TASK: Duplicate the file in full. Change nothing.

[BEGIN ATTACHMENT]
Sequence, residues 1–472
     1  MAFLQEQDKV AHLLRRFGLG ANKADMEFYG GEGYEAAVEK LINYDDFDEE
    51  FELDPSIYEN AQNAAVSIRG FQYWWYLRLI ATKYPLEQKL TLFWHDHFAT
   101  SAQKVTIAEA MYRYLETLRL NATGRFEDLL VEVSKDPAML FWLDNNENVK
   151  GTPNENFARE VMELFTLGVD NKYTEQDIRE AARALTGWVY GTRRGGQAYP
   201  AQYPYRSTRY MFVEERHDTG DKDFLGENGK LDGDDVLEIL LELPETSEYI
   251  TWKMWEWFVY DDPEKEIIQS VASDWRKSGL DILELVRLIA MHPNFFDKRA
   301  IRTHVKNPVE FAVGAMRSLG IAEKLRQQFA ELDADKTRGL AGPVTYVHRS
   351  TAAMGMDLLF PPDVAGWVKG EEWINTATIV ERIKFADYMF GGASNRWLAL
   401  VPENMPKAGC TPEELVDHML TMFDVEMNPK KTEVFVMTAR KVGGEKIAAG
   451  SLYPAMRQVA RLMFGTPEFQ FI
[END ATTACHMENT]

Sequence, residues 1–472
     1  MAFLQEQDKV AHLLRRFGLG ANKADMEFYG GEGYEAAVEK LINYDDFDEE
    51  FELDPSIYEN AQNAAVSIRG FQYWWYLRLI ATKYPLEQKL TLFWHDHFAT
   101  SAQKVTIAEA MYRYLETLRL NATGRFEDLL VEVSKDPAML FWLDNNENVK
   151  GTPNENFARE VMELFTLGVD NKYTEQDIRE AARALTGWVY GTRRGGQAYP
   201  AQYPYRSTRY MFVEERHDTG DKDFLGENGK LDGDDVLEIL LELPETSEYI
   251  TWKMWEWFVY DDPEKEIIQS VASDWRKSGL DILELVRLIA MHPNFFDKRA
   301  IRTHVKNPVE FAVGAMRSLG IAEKLRQQFA ELDADKTRGL AGPVTYVHRS
   351  TAAMGMDLLF PPDVAGWVKG EEWINTATIV ERIKFADYMF GGASNRWLAL
   401  VPENMPKAGC TPEELVDHML TMFDVEMNPK KTEVFVMTAR KVGGEKIAAG
   451  SLYPAMRQVA RLMFGTPEFQ FI